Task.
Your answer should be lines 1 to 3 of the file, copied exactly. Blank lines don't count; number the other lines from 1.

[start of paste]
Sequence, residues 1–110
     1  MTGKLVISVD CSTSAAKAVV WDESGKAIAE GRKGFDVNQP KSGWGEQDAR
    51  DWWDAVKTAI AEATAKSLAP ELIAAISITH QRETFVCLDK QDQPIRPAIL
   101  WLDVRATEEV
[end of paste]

Sequence, residues 1–110
     1  MTGKLVISVD CSTSAAKAVV WDESGKAIAE GRKGFDVNQP KSGWGEQDAR
    51  DWWDAVKTAI AEATAKSLAP ELIAAISITH QRETFVCLDK QDQPIRPAIL